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My physics knowledge is (sadly) very infinitesimal and I have a question about a calculation which I think is wrong, but want to be sure.

I tried to calculate the potential of a finite line charge. According to my understanding, this is simply done by integrating point charges along the line. When I do that, I get something that looks like this (lines are the equipotential lines)

line charge

This plot makes intuitive sense to me since the potential computation is basically convolving a $1/\|x\|$ function with a "wide" delta pulse which I expect to look like this.

The integration result is

$$\frac{\lambda}{4\pi\varepsilon_{0}}\log\left(\frac{\sqrt{x_{2}^{2}+\left(a-x_{1}\right)^{2}}+x_{1}-a}{\sqrt{x_{2}^{2}+\left(b-x_{1}\right)^{2}}+x_{1}-b}\right)$$ where $(x_1,x_2)$ are the coordinates where the potenial is computed and (a,b) are the limits of the line charge that lives on the x-axis.

However, many calculations that I found on the web (e.g. this one) obtain a result that is independent of the abscissa. First I thought that their result might only hold for x-values between the ends of the line, but even then the potential should not be independent of the abscissa.

Am I getting something important wrong here? Thanks in advance!

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Your method of summing up points charges is qualitatively correct, and your image looks good as well. Can you share the functional form of your potential? –  DJBunk Jun 25 '12 at 15:28
    
Thanks for your comment. I included the result. –  fabee Jun 25 '12 at 15:36
    
Hi fabee, so not to be elusive but you are on the right track and I think it would be best if I gave you a hint for now. I would draw very careful pictures of both scenarios and label each parameter {x1,x2,a,b}, {a,b,d} and think very carefully about what each means for the relevant case. Right away we can see that there are a different number of parameters between the 2 formulas - what does this mean? –  DJBunk Jun 25 '12 at 16:05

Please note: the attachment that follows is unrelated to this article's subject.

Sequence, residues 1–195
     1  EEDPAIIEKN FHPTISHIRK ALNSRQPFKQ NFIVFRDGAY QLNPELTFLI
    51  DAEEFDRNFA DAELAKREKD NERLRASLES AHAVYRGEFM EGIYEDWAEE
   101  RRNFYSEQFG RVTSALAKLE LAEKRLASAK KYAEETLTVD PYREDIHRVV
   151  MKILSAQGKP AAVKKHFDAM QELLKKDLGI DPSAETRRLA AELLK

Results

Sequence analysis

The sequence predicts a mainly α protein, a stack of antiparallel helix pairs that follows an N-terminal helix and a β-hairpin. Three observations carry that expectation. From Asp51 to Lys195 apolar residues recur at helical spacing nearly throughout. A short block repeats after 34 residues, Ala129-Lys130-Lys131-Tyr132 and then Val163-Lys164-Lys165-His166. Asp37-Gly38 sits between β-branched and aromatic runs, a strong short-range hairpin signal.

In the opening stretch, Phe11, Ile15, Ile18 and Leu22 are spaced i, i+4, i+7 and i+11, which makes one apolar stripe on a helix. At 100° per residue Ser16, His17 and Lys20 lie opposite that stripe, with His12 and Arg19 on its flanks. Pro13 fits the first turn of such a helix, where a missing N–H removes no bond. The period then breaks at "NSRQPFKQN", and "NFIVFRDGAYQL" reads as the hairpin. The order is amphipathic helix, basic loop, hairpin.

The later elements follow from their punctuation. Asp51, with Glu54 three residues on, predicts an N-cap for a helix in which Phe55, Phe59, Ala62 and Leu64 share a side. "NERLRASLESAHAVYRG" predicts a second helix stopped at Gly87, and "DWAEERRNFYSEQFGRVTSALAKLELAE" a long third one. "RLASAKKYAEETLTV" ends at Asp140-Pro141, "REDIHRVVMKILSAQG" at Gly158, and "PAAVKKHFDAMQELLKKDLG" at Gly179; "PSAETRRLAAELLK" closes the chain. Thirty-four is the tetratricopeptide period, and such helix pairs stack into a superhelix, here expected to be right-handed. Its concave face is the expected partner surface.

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So what is the analogue of x1 for the potential you linked to? –  DJBunk Jun 25 '12 at 16:29
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Your problem seems to be that their formula doesn't use abscissa variable, equivalent to your $x_1$. This is because their $a$ and $b$ variables are defined differently. You may notice that $b$ only ever occurs as $b-x_1$. Replace that expression with $b$, you'll eliminate $x_1$, and it's likely you will get the formulas to correspond. –  Alan Rominger Jun 25 '12 at 16:35

1 Answer 1

up vote 1 down vote accepted

The coordinate system in the example you cited is kind of strange, since it defines the observation point as x=0. As the observation point changes, both a and b will change (so the variation with x is "hidden"). Your coordinate system looks more rational to me.

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Yes, I just realized that this is the problem. They are basically computing the potential for all points for which $x_1=0$. For any other point, their calculation is not correct. Thanks for the hint (also to Alan and DJBunk). –  fabee Jun 25 '12 at 16:49
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@fabee, you're welcome. Btw, beautiful graphic. What tool did you use? –  Art Brown Jun 25 '12 at 17:42
    
Thanks. I used python's contour plot form matplotlib. –  fabee Jun 25 '12 at 20:53
    
@fabee, Thanks. –  Art Brown Jun 25 '12 at 21:42

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